Regardless of the efforts of a pharmaceutical company and of the U.S. Food and Drug Administration (FDA) to identify harmful side effects prior to regulatory approval of a new drug, it is not possible to identify all such serious adverse events (SAE’s). There are many reasons for this; chief among them is the fact that the number of patients in clinical development programs of new drugs to prove efficacy are inadequate to detect rare SAE’s. It is therefore in a company’s best interest to develop a post marketing risk based monitoring plan (RBMP) of their drug as it is made available to patients through physician prescriptions after regulatory approval.
This manuscript provides information to those developing monitoring plans for SAE’s following regulatory approval of a new drug. In addition, we (1) illustrate how many patients would need to be treated in order to have high confidence of seeing at least 1 pre-specified SAE, (2) show that absence of proof of a SAE is not proof of absence of that SAE, and (3) identify statistical methodology that could be used for formal statistical monitoring of SAE’s.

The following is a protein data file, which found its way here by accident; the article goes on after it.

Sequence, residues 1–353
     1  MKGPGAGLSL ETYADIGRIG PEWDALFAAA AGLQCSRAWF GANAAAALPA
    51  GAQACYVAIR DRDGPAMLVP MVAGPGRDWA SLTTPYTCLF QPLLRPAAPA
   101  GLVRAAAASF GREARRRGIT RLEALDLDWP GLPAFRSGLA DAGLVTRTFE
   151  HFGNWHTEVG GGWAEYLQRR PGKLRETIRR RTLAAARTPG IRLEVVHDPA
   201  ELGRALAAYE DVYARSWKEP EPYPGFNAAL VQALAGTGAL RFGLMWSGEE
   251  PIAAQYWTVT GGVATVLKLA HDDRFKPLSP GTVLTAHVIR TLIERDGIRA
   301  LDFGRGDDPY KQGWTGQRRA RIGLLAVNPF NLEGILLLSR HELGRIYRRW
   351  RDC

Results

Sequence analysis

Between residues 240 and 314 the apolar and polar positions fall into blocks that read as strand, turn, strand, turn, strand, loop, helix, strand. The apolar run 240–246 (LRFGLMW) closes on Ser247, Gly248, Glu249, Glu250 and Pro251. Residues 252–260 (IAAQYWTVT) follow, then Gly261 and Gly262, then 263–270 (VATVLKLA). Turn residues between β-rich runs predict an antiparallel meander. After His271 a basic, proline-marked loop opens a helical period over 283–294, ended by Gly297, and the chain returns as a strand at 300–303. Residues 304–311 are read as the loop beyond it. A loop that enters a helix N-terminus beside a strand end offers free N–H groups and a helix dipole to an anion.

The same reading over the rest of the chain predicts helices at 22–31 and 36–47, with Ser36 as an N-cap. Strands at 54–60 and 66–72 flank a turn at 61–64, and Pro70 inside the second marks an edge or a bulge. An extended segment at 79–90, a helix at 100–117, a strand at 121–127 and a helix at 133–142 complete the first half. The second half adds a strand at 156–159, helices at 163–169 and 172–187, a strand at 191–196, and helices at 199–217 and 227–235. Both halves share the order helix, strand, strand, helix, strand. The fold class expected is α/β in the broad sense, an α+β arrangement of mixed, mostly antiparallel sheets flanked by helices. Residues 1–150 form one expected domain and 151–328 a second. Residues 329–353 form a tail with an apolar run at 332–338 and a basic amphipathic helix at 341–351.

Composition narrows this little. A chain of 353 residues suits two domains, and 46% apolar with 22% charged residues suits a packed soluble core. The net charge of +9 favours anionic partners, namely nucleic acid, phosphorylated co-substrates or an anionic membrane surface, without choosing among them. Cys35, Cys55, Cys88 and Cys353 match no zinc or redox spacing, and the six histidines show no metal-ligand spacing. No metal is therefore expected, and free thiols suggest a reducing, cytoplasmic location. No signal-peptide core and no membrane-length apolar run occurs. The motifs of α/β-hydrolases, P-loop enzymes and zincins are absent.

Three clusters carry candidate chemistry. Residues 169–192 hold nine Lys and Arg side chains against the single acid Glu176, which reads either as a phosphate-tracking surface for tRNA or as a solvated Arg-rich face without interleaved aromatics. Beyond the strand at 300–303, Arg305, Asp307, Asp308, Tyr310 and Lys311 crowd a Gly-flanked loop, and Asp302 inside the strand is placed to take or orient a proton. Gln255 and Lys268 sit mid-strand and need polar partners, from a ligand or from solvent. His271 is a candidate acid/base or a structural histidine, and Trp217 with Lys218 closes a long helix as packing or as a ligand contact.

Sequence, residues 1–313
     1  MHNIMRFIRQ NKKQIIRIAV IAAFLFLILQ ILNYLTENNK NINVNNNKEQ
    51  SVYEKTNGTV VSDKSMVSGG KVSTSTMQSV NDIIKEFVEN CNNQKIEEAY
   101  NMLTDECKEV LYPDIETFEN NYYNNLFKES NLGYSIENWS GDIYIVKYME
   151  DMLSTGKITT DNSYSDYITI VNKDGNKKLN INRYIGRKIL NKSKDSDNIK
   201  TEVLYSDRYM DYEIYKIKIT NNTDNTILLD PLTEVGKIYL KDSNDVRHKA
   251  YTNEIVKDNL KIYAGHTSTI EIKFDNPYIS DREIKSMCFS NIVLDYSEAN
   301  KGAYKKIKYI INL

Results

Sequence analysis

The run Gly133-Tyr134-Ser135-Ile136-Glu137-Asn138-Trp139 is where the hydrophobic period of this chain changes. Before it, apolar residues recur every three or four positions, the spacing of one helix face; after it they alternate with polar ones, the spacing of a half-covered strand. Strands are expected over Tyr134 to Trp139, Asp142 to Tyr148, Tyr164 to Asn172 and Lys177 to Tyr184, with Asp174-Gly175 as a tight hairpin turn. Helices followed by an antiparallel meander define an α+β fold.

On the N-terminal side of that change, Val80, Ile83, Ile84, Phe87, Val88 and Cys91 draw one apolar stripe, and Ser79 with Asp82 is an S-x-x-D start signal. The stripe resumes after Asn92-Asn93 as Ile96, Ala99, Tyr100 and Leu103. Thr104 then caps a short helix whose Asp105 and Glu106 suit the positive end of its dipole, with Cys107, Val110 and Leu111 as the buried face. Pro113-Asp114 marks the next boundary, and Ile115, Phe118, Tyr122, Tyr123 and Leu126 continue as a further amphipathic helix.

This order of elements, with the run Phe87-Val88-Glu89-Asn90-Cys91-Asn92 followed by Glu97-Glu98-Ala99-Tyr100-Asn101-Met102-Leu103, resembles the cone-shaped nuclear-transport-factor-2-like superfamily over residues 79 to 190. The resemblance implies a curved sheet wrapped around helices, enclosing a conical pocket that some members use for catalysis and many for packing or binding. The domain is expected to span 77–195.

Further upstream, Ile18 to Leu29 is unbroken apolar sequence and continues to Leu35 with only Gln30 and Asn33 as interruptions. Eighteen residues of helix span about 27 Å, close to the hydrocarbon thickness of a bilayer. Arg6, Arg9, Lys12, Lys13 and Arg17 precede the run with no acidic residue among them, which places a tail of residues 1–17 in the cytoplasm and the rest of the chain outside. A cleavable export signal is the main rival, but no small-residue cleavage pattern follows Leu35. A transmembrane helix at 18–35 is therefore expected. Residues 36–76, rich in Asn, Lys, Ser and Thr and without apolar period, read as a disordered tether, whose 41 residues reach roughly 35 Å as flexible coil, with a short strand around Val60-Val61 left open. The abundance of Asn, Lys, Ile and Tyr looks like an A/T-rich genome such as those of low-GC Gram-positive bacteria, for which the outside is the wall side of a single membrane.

“Monitoring for Adverse Events Post Marketing Approval of Drugs,” is published in the International Journal of Allergy Medications.
Dr. Karl E. Peace, professor of biostatistics at JPHCOPH and Georgia Cancer Coalition Distinguished Cancer Scholar was the lead author and Dr. Macaulay Okwuokenye, alumni of the doctor of public health in biostatistics program at the Jiann-Ping Hsu College of Public Health (JPHCOPH) at Georgia Southern University was the co-author.